Preliminary research shows a COVID-19 vaccine that uses an inactivated version of the coronavirus is safe and can elicit an antibody response.
Published in the journal Lancet Infectious Disease, researchers from China shared their findings from small early-phase randomized clinical trials involving 466 participants between ages 18 and 80. So far, an antibody response was found in all age groups of participants.
The vaccine, known as BBIBP-CorV, was given on a two-dose schedule. The first phase was designed to find the optimal safe dose, testing three different dose levels (2 μg, 4, μg, and 8 μg). In total, 144 participants received the vaccine and 48 received the placebo in the first phase.
In the second phase, researchers studied the optimal time for vaccination. In total, 448 participants between the ages of 18 and 59 were randomly assigned to receive either one 8μg shot of vaccine or placebo, or two shots of 4μg vaccine or placebo (at 0 and 14 days, 0 and 21 days or 0 and 28 days).
Researchers took blood samples from participants on days 7, 14, 28, 32, and 42 after vaccination. In the most vulnerable group — volunteers aged 60 and older — antibodies took up to 42 days to be detected in blood tests, while it took 28 days for those 18 to 59.
This is the first study that uses the inactivated SARS-CoV-2 virus in people older than 60 years. The older age group saw lower rates of adverse events than the younger adults. Within 28 days after vaccination, 34 out of 72 participants (47 per cent) participants aged 18 to 59 years had an adverse reaction, compared with 14 of 72 (19 per cent) of participants aged 60 years and older. The most common side-effect was pain at the site of injection, but no serious adverse events were reported. Fever was reported in five of 144 (four percent) of vaccine recipients.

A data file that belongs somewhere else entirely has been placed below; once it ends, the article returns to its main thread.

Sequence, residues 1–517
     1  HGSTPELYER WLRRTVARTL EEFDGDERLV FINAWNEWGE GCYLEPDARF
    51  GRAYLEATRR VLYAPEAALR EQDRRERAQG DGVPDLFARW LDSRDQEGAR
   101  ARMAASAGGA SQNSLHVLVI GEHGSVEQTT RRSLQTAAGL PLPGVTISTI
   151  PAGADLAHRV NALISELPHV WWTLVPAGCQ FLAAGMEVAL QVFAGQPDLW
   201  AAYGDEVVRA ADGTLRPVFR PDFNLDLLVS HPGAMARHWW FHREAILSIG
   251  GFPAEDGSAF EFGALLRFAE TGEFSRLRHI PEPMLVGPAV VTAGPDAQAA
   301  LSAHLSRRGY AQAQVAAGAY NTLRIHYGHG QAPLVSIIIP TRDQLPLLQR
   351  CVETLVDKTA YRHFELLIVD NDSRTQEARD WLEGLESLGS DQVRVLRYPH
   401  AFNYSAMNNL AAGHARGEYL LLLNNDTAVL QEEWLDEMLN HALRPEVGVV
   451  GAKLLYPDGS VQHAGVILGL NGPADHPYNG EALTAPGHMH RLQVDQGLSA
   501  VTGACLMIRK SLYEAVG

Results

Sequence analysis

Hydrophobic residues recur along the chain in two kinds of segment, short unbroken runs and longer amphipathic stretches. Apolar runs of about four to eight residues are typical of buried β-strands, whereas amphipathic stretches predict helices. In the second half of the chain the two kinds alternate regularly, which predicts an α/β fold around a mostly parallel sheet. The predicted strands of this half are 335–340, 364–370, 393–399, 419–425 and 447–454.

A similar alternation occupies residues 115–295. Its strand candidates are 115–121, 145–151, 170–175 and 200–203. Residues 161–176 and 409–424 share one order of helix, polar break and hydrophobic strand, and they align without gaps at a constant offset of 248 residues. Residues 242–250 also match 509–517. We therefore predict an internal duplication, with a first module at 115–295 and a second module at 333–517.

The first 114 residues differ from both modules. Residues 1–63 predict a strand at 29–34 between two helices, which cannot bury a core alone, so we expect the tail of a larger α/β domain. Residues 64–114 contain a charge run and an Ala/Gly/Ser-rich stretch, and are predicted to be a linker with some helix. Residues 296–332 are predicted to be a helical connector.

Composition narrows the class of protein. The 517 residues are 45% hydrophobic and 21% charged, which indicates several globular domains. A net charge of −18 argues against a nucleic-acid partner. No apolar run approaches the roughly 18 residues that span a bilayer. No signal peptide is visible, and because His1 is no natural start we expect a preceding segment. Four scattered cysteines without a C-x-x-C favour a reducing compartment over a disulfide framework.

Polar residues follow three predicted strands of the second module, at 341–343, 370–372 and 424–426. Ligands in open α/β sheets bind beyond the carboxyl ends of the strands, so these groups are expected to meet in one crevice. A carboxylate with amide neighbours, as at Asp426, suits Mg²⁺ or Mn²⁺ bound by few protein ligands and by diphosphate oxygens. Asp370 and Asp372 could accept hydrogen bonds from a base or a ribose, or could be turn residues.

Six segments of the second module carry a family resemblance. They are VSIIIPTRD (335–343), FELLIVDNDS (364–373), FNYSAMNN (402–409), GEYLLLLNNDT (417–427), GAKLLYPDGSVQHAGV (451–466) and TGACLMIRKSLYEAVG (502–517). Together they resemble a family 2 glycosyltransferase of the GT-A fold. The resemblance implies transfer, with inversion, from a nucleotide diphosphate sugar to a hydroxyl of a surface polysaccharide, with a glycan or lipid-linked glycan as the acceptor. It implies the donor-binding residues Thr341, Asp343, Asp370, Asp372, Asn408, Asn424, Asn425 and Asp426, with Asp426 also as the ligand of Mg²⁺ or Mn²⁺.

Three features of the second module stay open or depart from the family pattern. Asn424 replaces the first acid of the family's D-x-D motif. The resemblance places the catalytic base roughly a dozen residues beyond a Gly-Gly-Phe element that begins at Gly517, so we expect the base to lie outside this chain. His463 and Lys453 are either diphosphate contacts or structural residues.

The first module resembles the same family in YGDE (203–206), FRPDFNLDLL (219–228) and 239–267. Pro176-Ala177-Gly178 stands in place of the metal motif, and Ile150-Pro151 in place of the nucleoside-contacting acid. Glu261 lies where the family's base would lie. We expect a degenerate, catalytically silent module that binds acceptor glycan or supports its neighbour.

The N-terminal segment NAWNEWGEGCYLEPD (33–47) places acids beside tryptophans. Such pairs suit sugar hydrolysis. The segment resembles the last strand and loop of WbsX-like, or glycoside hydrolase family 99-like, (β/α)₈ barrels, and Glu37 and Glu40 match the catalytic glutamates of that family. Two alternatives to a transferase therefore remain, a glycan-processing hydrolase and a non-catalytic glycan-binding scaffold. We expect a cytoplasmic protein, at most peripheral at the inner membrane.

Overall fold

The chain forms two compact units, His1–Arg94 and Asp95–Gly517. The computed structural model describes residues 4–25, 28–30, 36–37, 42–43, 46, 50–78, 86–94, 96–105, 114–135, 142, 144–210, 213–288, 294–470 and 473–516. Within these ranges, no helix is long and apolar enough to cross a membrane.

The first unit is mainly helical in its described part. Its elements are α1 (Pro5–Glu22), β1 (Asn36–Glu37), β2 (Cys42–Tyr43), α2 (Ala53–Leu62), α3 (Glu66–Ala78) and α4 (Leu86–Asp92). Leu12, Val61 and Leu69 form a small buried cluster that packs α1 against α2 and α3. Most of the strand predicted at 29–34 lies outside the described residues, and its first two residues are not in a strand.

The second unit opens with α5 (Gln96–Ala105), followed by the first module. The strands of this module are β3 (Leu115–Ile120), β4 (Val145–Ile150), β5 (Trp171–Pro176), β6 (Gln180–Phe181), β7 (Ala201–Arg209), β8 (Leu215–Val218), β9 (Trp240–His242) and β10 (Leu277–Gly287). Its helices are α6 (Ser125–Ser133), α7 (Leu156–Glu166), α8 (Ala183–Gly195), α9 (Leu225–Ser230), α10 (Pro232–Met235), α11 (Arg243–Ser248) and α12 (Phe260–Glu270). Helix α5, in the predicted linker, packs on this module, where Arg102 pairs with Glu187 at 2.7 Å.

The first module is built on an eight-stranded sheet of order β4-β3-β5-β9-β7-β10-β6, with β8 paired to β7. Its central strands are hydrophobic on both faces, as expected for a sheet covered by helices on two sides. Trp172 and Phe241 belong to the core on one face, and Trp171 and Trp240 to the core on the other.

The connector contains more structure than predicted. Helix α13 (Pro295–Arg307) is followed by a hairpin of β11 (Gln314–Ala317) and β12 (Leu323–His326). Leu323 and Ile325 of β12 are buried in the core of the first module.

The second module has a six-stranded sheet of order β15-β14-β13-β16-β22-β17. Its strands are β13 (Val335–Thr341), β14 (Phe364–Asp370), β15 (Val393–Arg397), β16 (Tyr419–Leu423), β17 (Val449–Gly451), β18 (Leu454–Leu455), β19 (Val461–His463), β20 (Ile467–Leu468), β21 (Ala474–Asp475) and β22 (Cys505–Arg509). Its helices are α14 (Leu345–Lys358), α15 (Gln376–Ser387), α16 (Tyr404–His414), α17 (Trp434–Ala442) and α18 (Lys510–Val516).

“Protecting older people is a key aim of a successful COVID-19 vaccine as this age group is at greater risk of severe illness from the disease,” says study author Xiaoming Yang, from the Beijing Institute of Biological Products Company Limited, which is developing the BBIBP-CorV vaccine in affiliation with Sinopharm, a Chinese pharmaceutical company.
He also noted that vaccines are sometimes less effective in this group because the immune system weakens with age.
“It is therefore encouraging to see that BBIBP-CorV induces antibody responses in people aged 60 and older, and we believe this justifies further investigation,” he said. “Our findings indicate that a booster shot is necessary to achieve the greatest antibody responses against SARS-CoV-2 and could be important for protection. This provides useful information for a phase 3 trial.”
While the vaccine so far seems to be tolerable and able to generate an immune response in healthy people, further study is needed. None of the participants in this study had underlying diseases, which is a major risk factor. According to the WHO, 96 per cent of all those who have reportedly died from COVID-19 had at least one underlying condition, with cardiovascular disease being the leading comorbidity.
There are currently 44 vaccines for COVID-19 in clinical trials.